Young fan struck by foul ball at Astros game suffered skull fracture and had seizure, family's lawyer says

The family of the young child who was struck by a foul ball during the Astros-Cubs game at Minute Maid Park on May 29 has provided an update on her condition. The 2-year-old child suffered a skull fracture and other injuries, and the family is exploring possible legal action. Through a lawyer, the family released a brief statement to the Houston Chronicle:

"The family's foremost concern is about the health of their child, but they also wanted me to extend their thanks to the fans and the Astros for their concern," said [attorney Richard] Mithoff, who has notified the team's organization of his and family attorney Steve Polotko's retention in this matter.

The young child was hit in the head by a line drive off the bat of Cubs' center fielder Albert Almora Jr. Almora and other players were visibly shaken up by the incident. The child was rushed to the hospital after she was hit, where it was determined she suffered a serious head injury. She was hospitalized for several days. Here's more from the Chronicle on her injuries:

She sustained a skull fracture when she was struck by the foul ball, with associated subdural bleeding, brain contusions, and brain edema, according to the summary of the hospital records provided by Mithoff in his letter to the Astros organization. She had a seizure and an abnormal EEG at the hospital and is now on medication to prevent further seizures while she continues to recover at home from the brain and skull injuries. Her progress will be reassessed in July, and the family hopes to have more information then about the residual effects of her injuries.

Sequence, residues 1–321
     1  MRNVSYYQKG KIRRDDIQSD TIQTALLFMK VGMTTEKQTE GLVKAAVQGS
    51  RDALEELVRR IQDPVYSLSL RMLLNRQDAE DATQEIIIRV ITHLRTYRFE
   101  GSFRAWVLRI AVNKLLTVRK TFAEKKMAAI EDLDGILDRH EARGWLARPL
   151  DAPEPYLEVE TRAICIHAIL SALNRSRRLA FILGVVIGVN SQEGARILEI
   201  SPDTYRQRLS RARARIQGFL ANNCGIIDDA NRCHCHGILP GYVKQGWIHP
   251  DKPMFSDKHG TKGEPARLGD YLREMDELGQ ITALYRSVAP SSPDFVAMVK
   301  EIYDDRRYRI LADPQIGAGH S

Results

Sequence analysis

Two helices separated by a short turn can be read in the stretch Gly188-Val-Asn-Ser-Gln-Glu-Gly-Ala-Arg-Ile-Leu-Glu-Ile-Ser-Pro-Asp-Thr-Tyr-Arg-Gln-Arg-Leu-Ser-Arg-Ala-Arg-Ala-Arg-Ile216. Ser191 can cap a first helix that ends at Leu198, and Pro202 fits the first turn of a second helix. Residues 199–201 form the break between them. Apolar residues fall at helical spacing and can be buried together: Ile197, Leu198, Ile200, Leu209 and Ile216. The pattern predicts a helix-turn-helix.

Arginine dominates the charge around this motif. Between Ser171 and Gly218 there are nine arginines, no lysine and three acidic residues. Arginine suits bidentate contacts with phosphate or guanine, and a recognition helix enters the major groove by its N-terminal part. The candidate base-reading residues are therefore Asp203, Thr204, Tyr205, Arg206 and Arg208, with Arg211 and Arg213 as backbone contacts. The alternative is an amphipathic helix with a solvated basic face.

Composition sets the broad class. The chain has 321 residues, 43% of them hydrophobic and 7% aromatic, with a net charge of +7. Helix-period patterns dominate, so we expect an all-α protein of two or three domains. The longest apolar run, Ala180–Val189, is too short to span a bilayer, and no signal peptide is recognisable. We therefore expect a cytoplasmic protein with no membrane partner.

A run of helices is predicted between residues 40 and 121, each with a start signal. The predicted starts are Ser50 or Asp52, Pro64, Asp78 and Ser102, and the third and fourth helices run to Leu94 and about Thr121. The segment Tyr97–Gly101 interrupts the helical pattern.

There has not been a lawsuit filed in connection to the incident, but the Chronicle reported "attorney Steve Polotko will be representing the family with an eye toward discussion on potential options in the matter."

Before the start of last season, all 30 MLB clubs extended protective netting past dugouts. This incident (and others) drew attention to the topic of implementing full, protective netting at ballparks. In Japan, the ballpark netting extends from foul pole to foul pole, and after the incident, many players were supportive of implementing a similar protective netting for MLB clubs. At last month's MLB Draft, MLB commissioner Rob Manfred said the topic of netting "is an issue we will continue to discuss."

Recently, the Chicago White Sox and Washington Nationals announced their plans to further extend protective netting at their respective stadiums. The White Sox will expand the netting at Guaranteed Rate Field all the way to the foul poles, while the Nats will extend the netting, but not all the way down the line. The Astros have not announced any plans to extend the netting at Minute Maid Park.

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